Getting ready for a long-term trip, whether it be around the world or just a month abroad, requires quite a lot of advanced planning. Most people don’t realize how much advance planning is required to bring everything together at the right time. Heck, I didn’t know until I started.
As I look back on the last month before our departure, I realize that things didn’t go exactly as planned. Some things took much longer than anticipated and other things just didn’t get done and will have to be dealt with on the road. I think it would have been wonderful to have had some sort of timeline to help with my time management, but until I actually started working on the tasks, I didn’t know how long things would take. And I couldn’t find that sort of information on the Internet since everyone’s situation is different.
Here’s the timeline based on our hindsight that I wish I would have had, outlining what we needed to do and when. It might be helpful in planning your own journey. Continue reading
Remote, out-of-way, and hard to reach, Madagascar is quite a challenge for travel planning.
It’s Sheri’s desire to visit this unique home to lemurs and other exotic creatures, so I did a lot of research to find a way to make it happen. In the process, I came upon some interesting hurdles while trying to make flight arrangements for our trip to this large island in the Indian Ocean. Just like the characters in the animated film with the same name found out, it may be harder to get off the island than it is to get there.
Antananarivo (TNR) is the destination airport for international flights to Madagascar. Most flights connect through Paris (CDG), Nairobi (NBO), Johannesburg (JNB), or Seychelles (SEZ). Surprisingly, it’s easier to get a flight to one of the small islands surrounding Madagascar, such as Seychelles, Comoros, Mauritius, and Réunion. And sometimes, it’s even cheaper.
This is a really long post, so if you just want the summary, jump directly to TL; DR.
I spent nearly two weeks planning our route, figuring out dates and determining how long we plan to stay abroad, but one call to United Airlines and everything changed. The call to United Airline deserves a post all to itself, but the short story is: we called three times, and by our third call, we finally knew the questions to ask and got someone on the line who knew what she was doing. After just a few minutes, it was obvious that we needed to do more planning after hearing the restrictions on the RTW fare. Restrictions that are not clearly posted on their website.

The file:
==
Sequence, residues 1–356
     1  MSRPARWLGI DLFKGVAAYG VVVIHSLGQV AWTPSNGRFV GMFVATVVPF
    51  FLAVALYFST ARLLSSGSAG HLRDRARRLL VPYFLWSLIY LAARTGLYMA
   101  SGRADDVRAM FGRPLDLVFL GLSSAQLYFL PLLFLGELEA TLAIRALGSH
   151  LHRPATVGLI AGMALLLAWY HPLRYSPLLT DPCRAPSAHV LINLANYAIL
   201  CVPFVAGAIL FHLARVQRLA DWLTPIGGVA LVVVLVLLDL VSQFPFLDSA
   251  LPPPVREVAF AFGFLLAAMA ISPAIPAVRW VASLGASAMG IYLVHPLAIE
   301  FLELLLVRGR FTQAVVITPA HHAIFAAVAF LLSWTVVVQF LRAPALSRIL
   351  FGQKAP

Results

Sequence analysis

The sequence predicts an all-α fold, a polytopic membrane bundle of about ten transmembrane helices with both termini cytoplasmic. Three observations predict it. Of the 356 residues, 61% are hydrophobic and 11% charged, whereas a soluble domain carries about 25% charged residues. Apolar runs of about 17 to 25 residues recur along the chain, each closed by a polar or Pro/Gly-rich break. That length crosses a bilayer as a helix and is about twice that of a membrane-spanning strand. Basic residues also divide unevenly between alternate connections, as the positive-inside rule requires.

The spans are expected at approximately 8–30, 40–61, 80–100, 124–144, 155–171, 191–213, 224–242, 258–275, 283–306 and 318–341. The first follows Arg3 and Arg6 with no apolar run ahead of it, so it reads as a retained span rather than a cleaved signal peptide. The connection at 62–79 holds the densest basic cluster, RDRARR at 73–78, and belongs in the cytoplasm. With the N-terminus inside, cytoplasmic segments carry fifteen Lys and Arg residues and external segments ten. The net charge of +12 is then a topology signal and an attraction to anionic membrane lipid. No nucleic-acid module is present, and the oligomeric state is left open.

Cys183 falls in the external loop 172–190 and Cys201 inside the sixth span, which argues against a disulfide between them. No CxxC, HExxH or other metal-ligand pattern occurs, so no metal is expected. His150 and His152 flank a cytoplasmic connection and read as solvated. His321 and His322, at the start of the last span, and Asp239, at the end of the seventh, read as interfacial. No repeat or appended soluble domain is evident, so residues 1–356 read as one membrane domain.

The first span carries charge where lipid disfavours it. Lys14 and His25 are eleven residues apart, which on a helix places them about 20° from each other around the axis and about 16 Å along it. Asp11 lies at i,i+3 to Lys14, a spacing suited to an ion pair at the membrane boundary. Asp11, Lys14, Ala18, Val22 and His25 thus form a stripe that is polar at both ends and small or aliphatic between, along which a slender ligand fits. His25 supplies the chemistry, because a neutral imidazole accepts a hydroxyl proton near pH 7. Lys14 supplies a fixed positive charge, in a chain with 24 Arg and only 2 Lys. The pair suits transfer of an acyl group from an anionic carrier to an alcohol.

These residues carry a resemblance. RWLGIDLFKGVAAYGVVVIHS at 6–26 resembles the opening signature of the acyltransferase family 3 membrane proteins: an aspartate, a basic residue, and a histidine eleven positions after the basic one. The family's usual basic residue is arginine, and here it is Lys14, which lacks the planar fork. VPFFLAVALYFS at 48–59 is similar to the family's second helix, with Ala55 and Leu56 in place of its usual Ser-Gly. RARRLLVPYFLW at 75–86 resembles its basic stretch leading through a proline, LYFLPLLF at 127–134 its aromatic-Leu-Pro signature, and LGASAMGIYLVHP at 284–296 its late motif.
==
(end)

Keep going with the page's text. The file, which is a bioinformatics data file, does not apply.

RTW Rules and Regs
There are a myriad of rules for the RTW airfare. One of the rules is that our direction of travel must remain in one general direction, east or west. The airline divides the world into three regions for the RTW fare: Americas, Europe/Africa/Middle East, and Asia/Oceania. We must start and end in the same country. We can cross into each region only once. The crossing between regions cannot be via a surface route, i.e., we must travel between regions by air. We can travel in any direction within the regions. We cannot go through our starting country on the way to another one. We are limited to 16 segments, 15 stopovers, and 39,000 total miles. Segments using surface transport count as one segment even though we’re not flying, which seems unfair. Separate legs of a flight—connecting flights—count as multiple segments. Stopovers are any place we stay more than 24 hours. We are limited to 5 legs that use surface transportation. All travel must be completed in one year.
This all sounds fairly straightforward until you get on the phone with someone from United. Then you find out the rules are a bit different for award travel and all your best laid plans turn to, well, you know what. With over 430,000 airline award miles saved in preparation for this trip, what we didn’t count on was that the RTW award fare was damn near impossible to use for a long trip. Continue reading
It’s been nearly 14 years in the planning, but we’ve finally decided we are going on our around-the-world trip. We have set a date, but I don’t want to reveal the exact date just yet. No need to alarm our employers and clients. Some may ask: why now? All the signs seem to point in the same direction: the road. Here are a few of the reasons:
1. Airline Policies Change
Originally, we were going to purchase two around-the-world (RTW) tickets, but since my wife traveled so much for work, we decided to start saving up her airline miles for those tickets. Using reward miles would save us over $10,000. That was over 10 years ago, and since then we’ve used some of those miles for trips to Africa, Italy, and the Middle East. I had some miles also and we used some of those for our trip to the U.K. and France last year. Even after all those other trips, we still have enough airline miles for two RTW tickets.
Last month, my wife received an email with some policy changes from one of the larger airlines where she has accumulated some miles. It indicated that they would no longer be offering an RTW ticket. Since it wasn’t the airline with which we had the majority of our miles, it didn’t affect us directly. However, airlines tend to follow the lead of other airlines, especially the larger ones. In the past, we saw that when a couple of the airlines started to charge extra for checked baggage, it wasn’t long before all the other airlines charged for checked baggage. So if one of the major airlines discontinued their RTW offering, we figure it won’t be long before the other two airlines also stop offering it. Time to use those accumulated miles. Continue reading